Filipina maid wins appeal against overstay conviction
In 2015, when Analyn was cleaning the house, she found her passport, which had been kept by her employer; it showed that her working visa had expired
A High Court judge on Tuesday overturned a lower court’s ruling that a Filipina domestic worker breached the conditions of her stay in Hong Kong.
The woman, Analyn Pedro Dumayag, 36, lodged an appeal after she was convicted of overstaying in Hong Kong four years earlier, Apple Daily reported.
Earlier, Analyn told the court that she was employed by an old woman in 2003 but she actually worked for the family of the old woman’s daughter, and the old woman had died in 2009.
Analyn continued to work for the daughter and her family and signed another employment contract in 2011. She told the court her employer told her that she would help renew her working visa.
In 2015, when Analyn was cleaning the house, she found her passport, which had been kept by her employer. It showed that her work visa had expired – her employer had not renewed the visa for her as promised.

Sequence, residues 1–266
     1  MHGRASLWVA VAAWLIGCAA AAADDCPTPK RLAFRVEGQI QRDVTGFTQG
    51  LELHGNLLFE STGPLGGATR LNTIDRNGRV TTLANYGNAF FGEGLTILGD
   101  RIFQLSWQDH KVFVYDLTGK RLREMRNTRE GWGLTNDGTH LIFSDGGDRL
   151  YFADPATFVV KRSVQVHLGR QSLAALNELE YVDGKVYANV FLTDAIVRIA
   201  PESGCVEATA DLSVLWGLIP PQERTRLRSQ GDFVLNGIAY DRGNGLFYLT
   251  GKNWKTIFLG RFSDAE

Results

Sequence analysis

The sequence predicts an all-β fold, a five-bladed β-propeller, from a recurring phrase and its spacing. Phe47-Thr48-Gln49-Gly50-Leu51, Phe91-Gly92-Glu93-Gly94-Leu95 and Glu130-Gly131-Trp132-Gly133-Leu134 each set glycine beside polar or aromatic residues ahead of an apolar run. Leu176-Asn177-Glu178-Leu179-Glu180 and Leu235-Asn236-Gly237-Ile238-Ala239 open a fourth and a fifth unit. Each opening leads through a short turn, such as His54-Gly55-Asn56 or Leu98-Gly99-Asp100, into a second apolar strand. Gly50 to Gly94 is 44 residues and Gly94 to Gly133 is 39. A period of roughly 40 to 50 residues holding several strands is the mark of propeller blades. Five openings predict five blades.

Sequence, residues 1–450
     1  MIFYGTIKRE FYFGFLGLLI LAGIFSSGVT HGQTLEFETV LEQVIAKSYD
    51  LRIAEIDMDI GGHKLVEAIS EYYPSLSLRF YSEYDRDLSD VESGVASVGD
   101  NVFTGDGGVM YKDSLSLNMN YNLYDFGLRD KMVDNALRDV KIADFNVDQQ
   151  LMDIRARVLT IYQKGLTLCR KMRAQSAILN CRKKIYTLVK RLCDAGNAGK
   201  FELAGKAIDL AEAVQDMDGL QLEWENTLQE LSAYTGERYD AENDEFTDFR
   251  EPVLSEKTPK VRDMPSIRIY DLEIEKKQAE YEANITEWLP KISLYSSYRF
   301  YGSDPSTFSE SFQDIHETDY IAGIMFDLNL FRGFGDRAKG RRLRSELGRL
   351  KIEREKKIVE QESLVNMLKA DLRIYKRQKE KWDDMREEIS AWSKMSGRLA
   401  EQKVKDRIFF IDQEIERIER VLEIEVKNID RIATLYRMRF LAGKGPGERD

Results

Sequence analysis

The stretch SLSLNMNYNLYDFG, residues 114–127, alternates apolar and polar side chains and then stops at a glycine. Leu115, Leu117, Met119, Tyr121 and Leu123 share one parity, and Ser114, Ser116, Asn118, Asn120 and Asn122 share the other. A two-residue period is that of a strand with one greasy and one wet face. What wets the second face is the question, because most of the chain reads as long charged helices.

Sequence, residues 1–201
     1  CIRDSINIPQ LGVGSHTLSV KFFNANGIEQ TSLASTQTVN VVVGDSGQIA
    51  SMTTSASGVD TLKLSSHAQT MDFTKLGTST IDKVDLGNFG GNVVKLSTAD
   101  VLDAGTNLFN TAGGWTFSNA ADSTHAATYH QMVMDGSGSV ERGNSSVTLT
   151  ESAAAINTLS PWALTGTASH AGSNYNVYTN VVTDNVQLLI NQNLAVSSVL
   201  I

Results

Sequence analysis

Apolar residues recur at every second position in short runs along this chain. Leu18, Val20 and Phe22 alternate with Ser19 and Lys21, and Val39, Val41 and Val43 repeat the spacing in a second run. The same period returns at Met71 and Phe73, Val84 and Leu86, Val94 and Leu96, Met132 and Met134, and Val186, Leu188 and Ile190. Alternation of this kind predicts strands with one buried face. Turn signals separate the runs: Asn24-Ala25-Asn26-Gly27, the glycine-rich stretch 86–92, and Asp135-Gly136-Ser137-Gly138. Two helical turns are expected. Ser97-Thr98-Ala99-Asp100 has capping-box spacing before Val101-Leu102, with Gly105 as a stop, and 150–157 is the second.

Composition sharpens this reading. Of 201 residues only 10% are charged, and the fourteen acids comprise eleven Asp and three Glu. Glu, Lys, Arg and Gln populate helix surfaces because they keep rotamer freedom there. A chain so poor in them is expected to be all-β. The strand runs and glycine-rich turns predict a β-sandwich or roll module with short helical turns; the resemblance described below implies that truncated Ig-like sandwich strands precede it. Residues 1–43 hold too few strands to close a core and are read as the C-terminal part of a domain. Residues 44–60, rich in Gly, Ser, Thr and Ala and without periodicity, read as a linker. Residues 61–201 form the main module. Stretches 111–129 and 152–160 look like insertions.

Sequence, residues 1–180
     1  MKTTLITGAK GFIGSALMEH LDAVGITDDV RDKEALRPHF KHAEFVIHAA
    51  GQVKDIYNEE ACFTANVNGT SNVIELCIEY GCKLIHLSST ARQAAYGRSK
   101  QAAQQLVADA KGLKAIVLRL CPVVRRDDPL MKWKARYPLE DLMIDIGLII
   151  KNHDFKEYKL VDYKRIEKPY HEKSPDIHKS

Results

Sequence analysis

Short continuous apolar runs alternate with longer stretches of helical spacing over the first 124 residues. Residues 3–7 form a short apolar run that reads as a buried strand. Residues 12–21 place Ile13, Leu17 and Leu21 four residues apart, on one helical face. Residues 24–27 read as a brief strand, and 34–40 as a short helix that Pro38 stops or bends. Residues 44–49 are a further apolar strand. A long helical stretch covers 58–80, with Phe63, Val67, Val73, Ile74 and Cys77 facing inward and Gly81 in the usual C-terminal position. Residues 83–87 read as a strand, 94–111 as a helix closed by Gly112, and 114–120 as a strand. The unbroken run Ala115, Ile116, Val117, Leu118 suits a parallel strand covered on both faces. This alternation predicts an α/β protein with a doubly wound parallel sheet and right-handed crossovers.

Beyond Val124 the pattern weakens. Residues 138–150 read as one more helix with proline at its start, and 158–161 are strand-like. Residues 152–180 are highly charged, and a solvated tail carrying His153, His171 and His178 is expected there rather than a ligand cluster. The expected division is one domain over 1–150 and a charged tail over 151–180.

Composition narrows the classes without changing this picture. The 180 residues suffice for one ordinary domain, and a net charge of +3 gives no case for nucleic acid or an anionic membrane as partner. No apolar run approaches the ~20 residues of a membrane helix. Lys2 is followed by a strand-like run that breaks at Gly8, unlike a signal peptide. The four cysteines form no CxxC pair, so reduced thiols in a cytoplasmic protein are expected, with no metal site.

The Filipina feared she would get into trouble, so she turned herself in to the Immigration Department in October 2015.
The domestic worker defended herself in the lower court, saying she was a victim of human trafficking as her employer did not pay her salary during the period from 2009 to 2015, which was about HK$150,000 (US$19,112).
However, the lower court judge did not accept her explanation, saying she was not forced to come and work in Hong Kong and she was free to go anywhere if she wanted.
The judge said he did not believe the worker would sign an employment contract then not get any money over such a long time. She was found guilty of breaching the condition of her stay and sentenced to five and a half months jail.
But on Tuesday, the High Court judge said the prosecutor had not questioned the appellant in the lower court. Given that, the original court judged the appellant as unreliable and without consideration of the fact that the Filipina truly believed her employer would help her to renew her working visa.
The High Court ruled that the domestic worker had won the appeal and withdrew her conviction.